The Digital Tech Skills Gap

Globally, the demand for coding skills is increasing at an unprecedented rate. In fact, Linkedin reported that the top 10 skills required in jobs advertised on LinkedIn were all tech related.

 

What is the digital tech skills gap?

 

The Tech Nation Report 2017 showed that the growth of digital tech jobs in the UK was more than double that of non-tech jobs between 2011 and 2015, with 85,000 new tech jobs created in just two years. UK IT staff postings also increased 10% compared to last year. In 2016 investments into digital tech companies in the UK totalled a whopping £6.8 billion, which was 50% higher than any other EU country. Despite big challenges ahead of the digital and technology sectors, mainly the uncertainty over the consequences of Brexit, the demand for digital tech jobs is increasing. Those working in the tech industry are twice as productive as other workers, and one worker in the digital sectors contributes around £103,000 per year to the economy (compared to £50,000 pounds of a non-tech worker).

 

The evolution of the tech industry in the UK

 

The tech industry has contributed £97 billion to the UK economy in 2015 alone, and has seen a 30% growth trend in their contributions to the economy over the years 2011-2015. Approximately 1.4 million digital professionals are needed over the next five years in the UK and a 39% growth in the ICT industry is predicted by 2030. This demand for talent is reflected by the fact that the salaries of tech workers in the UK are on average 40% higher than non-tech workers without software development competency, with an average salary of £50,633.

 

The UK Commission for Employment and Skills predicts that 518,000 additional workers will be needed in their digital tech sector by 2022. However, this figure is three times the number of Computer Science graduates produced by British universities in the last decade – giving way to the digital tech skills gap. As the Greater London Authority identified, London, for example, requires a pipeline of highly-skilled talent in the digital sector to keep its growth and excellence at the current level. There is high demand for employees in almost all tech roles, from cyber security to cloud computing, mobile applications to big data analytics, and web development to product management. The demand is not only from industry, but also from young people, with 82% of school age people interested in making things using digital technologies.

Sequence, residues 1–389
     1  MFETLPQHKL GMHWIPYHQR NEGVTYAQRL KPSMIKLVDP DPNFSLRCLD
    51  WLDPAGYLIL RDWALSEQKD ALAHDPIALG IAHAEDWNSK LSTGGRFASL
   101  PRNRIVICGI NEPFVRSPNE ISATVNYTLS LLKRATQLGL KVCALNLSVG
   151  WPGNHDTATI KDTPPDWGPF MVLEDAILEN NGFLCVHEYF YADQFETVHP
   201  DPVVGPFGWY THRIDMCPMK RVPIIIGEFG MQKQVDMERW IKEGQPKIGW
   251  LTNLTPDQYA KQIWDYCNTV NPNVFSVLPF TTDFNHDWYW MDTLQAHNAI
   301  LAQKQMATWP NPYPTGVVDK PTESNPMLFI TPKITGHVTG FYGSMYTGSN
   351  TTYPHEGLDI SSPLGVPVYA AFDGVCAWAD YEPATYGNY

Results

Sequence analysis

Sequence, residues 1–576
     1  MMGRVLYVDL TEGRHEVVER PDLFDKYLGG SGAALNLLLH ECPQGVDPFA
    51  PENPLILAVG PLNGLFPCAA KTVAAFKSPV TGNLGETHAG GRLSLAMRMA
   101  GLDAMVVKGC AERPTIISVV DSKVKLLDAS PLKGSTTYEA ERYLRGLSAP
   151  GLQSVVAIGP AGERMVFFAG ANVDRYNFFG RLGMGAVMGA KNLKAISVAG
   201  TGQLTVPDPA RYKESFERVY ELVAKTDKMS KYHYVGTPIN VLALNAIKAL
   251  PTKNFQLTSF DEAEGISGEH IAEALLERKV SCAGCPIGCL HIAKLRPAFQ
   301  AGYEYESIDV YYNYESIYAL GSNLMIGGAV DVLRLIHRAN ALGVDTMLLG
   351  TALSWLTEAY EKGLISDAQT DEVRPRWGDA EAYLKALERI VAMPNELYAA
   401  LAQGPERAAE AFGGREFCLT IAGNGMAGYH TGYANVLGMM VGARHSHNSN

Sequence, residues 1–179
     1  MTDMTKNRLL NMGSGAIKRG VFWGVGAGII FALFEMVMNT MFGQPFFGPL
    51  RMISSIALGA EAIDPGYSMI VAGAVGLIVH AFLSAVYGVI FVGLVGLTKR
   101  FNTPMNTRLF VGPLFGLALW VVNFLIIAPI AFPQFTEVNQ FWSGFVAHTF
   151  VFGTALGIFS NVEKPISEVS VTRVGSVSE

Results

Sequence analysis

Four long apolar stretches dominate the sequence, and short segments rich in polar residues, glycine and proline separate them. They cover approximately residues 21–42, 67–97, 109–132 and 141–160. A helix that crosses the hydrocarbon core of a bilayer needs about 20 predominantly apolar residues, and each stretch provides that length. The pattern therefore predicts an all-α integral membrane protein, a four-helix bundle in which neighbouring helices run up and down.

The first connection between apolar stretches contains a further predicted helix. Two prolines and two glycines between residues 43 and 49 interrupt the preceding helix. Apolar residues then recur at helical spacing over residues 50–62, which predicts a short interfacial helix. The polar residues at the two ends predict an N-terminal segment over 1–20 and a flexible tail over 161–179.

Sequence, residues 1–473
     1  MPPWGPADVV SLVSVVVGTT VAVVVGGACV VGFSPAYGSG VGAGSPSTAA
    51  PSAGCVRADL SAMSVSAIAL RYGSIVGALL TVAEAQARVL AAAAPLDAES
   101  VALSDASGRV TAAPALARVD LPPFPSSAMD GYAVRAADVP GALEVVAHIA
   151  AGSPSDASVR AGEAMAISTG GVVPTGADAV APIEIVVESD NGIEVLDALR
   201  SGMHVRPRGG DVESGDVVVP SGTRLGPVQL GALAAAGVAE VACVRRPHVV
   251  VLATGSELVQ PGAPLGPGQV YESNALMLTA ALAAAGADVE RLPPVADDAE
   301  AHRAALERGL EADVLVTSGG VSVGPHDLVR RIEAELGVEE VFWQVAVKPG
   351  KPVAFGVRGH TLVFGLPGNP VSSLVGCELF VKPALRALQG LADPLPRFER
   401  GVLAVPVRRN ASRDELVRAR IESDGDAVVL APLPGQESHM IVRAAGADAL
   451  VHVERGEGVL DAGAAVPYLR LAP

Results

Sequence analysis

The US tech industry

 

Similar trends are apparent in the United States, with Code.org estimating that there are currently 512,729 open computing jobs in the US. In another report by Trilogy Education Services, they estimated that there are 1.3 million software development jobs open in 2016. The Bureau of Labour Statistics predicts that there will be 1.4 million more software development jobs than applicants who can fill them in 2020. In the US, tech jobs grew at a rate of 3% in 2015 to 6.7 million jobs, the highest growth rate year on year according to the Computing Technology Industry Association. The US government predicts that by 2018, 51% of all STEM  jobs in the country will be in computer science-related fields. Based on an analysis of job postings, Indeed and Glassdoor touted tech jobs as the most lucrative with the average salary of a full-stack developer lying at $110,770.

 

There is a clear gap in what current coding educators provide, and what industry needs. In addition to formal coding education not meeting the demands of industry, in terms of not delivering the fast changing skill sets needed by the private sector, as well as the number of coders needed, it is increasingly becoming unaffordable for large sectors of society. The need and demand for informal education is increasing, and it is becoming clear that it is often easier to learn the skills needed to be an effective developer and land a job in the industry through online courses and project-based work experience.

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